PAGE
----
Spectre is one in a list of critical vulnerabilities in modern processors that was discovered over the last few years, and it seems it's not been solved yet. Despite new hardware designs, and updates to the Linux Kernel and more to defend against the issues, researchers at University of Virginia School of Engineering claim to have a new discovery that could have a huge impact.
Affecting both AMD and Intel, in a post titled "Defenseless", UVA Engineering say we will "have to go back to the drawing board" when it comes to defending against it as they've "uncovered a line of attack that breaks all Spectre defenses, meaning that billions of computers and other devices across the globe are just as vulnerable today as they were when Spectre was first announced".
What they're doing is exploiting a "micro-op cache" that "speeds up computing by storing simple commands and allowing the processor to fetch them quickly and early in the speculative execution process". What they found is that they can pinch data from it when a processor tries fetching from this cache. Current defenses for Spectre deal with what happens later on for speculative execution and so they don't help here.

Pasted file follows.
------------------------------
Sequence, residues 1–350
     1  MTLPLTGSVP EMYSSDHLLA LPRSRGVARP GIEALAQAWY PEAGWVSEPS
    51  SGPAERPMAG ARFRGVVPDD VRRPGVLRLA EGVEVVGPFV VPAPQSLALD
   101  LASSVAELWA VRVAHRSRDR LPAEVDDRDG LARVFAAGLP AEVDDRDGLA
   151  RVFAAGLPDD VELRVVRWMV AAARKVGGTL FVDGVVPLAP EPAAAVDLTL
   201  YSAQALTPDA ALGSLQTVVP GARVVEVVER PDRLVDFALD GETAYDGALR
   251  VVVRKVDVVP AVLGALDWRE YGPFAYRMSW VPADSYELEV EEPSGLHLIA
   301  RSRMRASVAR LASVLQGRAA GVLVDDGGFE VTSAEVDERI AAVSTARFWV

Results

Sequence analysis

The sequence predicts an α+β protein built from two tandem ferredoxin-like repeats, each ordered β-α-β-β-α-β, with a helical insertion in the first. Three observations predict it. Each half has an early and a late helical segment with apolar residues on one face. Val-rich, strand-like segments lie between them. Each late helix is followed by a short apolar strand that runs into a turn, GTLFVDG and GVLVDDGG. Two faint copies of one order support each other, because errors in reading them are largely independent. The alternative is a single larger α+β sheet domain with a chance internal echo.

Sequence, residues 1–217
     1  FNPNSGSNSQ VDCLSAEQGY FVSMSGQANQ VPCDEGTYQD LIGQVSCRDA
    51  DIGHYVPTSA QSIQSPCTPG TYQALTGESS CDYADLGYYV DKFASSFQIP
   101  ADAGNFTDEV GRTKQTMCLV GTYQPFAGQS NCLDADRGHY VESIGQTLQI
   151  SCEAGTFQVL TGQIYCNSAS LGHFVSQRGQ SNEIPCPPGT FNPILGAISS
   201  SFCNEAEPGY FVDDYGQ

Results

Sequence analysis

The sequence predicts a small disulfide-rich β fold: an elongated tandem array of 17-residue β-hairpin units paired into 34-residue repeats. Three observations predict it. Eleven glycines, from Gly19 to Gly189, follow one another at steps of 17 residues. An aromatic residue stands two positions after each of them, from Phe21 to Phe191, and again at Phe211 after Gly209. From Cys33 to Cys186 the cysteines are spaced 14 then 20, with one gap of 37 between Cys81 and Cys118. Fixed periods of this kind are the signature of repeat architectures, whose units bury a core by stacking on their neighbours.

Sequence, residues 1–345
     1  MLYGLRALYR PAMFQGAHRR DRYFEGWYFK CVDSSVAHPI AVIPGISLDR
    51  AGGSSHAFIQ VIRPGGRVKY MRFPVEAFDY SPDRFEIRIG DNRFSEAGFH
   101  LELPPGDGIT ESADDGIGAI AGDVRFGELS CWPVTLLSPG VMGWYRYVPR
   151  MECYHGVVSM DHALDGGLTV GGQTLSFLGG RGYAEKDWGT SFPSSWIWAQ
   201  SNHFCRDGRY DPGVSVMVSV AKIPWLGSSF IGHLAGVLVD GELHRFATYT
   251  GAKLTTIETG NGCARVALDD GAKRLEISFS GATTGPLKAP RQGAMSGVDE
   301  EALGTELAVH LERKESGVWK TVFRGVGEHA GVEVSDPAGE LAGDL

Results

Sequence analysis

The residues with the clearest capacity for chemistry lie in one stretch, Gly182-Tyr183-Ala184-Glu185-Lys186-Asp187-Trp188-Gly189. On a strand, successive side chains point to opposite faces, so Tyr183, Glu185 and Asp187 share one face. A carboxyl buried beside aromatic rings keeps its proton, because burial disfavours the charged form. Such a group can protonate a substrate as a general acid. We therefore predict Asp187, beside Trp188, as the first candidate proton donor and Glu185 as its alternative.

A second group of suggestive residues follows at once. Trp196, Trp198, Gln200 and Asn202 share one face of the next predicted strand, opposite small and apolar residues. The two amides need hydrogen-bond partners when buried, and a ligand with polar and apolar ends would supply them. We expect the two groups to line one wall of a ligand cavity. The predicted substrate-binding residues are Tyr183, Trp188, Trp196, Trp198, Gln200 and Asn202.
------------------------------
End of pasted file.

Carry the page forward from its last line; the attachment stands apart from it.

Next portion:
Their team disclosed the vulnerabilities to AMD and Intel already, and they gave a tech talk at Intel Labs worldwide April 27, to talk about potential fixes.
See the announcement and the paper for more info.
Quoting: BielFPsI hope we don't get more performance regression due to the mitigation about this one
Quote“In the case of the previous Spectre attacks, developers have come up with a relatively easy way to prevent any sort of attack without a major performance penalty” for computing, Moody said. “The difference with this attack is you take a much greater performance penalty than those previous attacks.”
Quoting: kellerkindtwell...We seriously need a replacement for silicon as soon as possible.
Quoting: HalfBakedIs this the same micro-op cache that's used to cache the simpler risc-like instructions that the x86 instructions are translated to? If this is the case it shouldn't affect arm or power chips.
ARM's microarchitectures use Mop caches as well.
It's a widely used mechanism for fast instruction decoding.
This doesn't mean this or similar vulnerability is present in ARM's uarchs tho.
Instead of wasting resources in the release "new" processors every six months, they should be working on a new bugfree architecture.
Quoting: Guestgraphene: https://en.wikipedia.org/wiki/GrapheneGraphene are the stem cells of technology, in theory it's revolutionary for a lot of things, except leaving the research lab.
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